Still, Capetonians are using more water than they should. Last week, the city used around 138 million gallons of water a day. That is less than half its consumption a year ago but above its target of 119 million gallons. By comparison, California reduced its municipal water consumption by around 25% during the 2012-16 drought.
In Cape Town’s sprawling shantytowns, where about 15% of the city’s residents live, lining up for water is nothing new. Few of their corrugated-iron -and-plywood shacks have running water and residents already share communal taps and toilets. The water restrictions are instead endangering livelihoods.
On a recent day, police swept part of the Khayelitsha township, where roadway car washers cleaned minibus taxis with tap water—a now banned practice. The men, who make between $12 and $25 a day, were slapped with $250 fines and ordered to stop.
“They’ll have to take me to prison because I don’t have the money,” said Mthokozisi Diwu, who was back on the job the next day. Mr. Diwu said he had few alternatives to feed his family besides washing cars. “I will start robbing people,” he said.
In the wealthier suburbs, high users are rebelling against the water-control devices. “They chase us away like dogs,” said Witness Mutisi, a water-meter installer who has been threatened with guns and baseball bats.
Ms. Limberg, the city councilor, said such devices will become standard across Cape Town. “Cities are going to have to look at things … under a new kind of light,” he said. “We have to plan for this new normal.”
The number of reported anti-Semitic incidents in the United States surged 57 percent in 2017, according to an annual report by the Anti-Defamation League.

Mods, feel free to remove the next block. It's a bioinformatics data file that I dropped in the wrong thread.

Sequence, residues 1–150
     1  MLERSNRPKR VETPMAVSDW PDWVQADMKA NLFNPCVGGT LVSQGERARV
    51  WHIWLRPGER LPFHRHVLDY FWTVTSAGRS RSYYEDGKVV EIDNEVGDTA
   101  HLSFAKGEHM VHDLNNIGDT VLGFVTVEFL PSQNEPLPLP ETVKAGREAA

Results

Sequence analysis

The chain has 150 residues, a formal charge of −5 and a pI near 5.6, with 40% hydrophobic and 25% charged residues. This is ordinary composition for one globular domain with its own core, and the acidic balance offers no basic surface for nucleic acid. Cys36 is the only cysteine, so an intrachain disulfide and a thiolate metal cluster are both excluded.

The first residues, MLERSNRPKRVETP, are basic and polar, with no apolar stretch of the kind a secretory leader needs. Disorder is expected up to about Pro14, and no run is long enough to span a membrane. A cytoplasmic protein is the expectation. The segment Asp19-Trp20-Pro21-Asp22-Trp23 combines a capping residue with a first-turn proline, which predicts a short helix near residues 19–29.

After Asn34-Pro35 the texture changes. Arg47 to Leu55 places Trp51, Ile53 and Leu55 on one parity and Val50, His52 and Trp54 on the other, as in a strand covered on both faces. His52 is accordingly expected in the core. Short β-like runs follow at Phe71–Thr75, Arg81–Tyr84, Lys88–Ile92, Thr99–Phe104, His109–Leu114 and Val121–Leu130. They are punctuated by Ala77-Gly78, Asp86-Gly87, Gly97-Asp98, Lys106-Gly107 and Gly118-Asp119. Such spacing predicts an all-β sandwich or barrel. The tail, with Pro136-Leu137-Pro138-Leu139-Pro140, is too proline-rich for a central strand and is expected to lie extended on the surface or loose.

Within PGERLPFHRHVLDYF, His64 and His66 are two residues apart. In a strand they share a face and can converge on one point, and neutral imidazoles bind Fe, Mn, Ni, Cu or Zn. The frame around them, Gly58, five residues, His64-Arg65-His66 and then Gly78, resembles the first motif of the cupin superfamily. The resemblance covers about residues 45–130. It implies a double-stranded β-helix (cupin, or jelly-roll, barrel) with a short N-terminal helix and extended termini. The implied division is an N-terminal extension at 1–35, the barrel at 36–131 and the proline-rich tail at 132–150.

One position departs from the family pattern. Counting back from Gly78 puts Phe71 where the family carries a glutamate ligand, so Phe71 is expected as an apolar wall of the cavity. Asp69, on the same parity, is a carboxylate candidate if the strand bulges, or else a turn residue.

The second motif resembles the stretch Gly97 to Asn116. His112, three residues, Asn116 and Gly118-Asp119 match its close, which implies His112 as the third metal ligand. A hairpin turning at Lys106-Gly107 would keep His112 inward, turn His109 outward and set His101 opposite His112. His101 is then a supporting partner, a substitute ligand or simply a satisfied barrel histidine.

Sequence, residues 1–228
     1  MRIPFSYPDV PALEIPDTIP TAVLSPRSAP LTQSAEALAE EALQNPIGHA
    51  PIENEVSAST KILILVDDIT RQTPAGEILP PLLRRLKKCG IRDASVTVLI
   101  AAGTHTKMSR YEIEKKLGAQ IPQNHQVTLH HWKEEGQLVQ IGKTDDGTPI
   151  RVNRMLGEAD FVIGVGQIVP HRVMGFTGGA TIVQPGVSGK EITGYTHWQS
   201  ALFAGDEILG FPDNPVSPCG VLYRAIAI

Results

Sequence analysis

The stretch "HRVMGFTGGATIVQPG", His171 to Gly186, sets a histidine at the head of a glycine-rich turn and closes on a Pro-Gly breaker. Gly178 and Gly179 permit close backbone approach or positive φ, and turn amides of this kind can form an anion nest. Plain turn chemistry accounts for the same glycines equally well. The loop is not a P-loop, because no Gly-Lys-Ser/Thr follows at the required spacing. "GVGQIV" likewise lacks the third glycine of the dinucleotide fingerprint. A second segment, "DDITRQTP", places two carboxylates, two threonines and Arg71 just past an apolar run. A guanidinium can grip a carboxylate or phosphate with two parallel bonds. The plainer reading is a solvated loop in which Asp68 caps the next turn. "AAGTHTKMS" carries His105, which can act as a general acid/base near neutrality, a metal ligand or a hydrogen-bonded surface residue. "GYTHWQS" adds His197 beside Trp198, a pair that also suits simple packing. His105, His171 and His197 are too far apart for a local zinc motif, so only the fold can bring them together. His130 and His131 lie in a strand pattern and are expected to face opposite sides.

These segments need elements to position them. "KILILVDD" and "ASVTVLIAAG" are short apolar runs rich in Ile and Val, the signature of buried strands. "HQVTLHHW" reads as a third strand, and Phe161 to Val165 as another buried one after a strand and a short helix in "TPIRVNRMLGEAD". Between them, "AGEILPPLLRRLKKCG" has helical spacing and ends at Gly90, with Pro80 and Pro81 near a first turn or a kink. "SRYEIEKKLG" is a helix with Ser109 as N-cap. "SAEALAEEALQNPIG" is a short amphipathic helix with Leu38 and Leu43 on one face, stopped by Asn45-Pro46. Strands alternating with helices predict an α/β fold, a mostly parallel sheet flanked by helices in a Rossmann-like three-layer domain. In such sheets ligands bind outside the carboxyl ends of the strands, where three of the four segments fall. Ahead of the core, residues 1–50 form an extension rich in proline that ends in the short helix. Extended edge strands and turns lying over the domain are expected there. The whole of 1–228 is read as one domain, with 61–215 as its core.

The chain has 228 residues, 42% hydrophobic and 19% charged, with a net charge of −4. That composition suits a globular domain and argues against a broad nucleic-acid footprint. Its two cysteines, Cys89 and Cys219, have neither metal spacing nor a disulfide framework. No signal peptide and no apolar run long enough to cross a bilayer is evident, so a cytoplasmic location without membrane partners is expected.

The organization’s Audit of Anti-Semitic Incidents, released Tuesday, found 1,986 such incidents in 2017, compared with 1,267 in 2016. That increase was the largest in a single year since the A.D.L. began tracking in 1979.
Only once since 1979 has the Anti-Defamation League recorded more incidents: 2,066 in 1994. Since then, the numbers had mostly declined. There were small increases in 2014 and 2015. Then, in 2016, the count began to shoot up.
“It had been trending in the right direction for a long time,” Jonathan A. Greenblatt, chief executive of the A.D.L., said in an interview. “And then something changed.”
That “something” is hard to identify definitively, but Mr. Greenblatt pointed to three likely factors: the increasingly divisive state of American politics, the emboldening of extremists, and the effects of social media. Some of the increase may also be attributable to better reporting of incidents.
The invigoration of the far right, including white supremacists and neo-Nazis, has been on display at events like a rally in Charlottesville, Va., in August that turned deadly when a man drove a car into a crowd of counterprotesters. A separate Anti-Defamation League report released last month found a more than 250 percent increase in white supremacist activity on college campuses in the current academic year. (The count released Tuesday does not include white supremacist incidents unless they had a specific anti-Semitic element.)
“The diminishment of civility in society creates an environment in which intolerance really can flourish,” Mr. Greenblatt said. And the platforms of social media, he added, have “allowed the kind of poison of prejudice to grow at a velocity and to expand in ways that really are unprecedented.”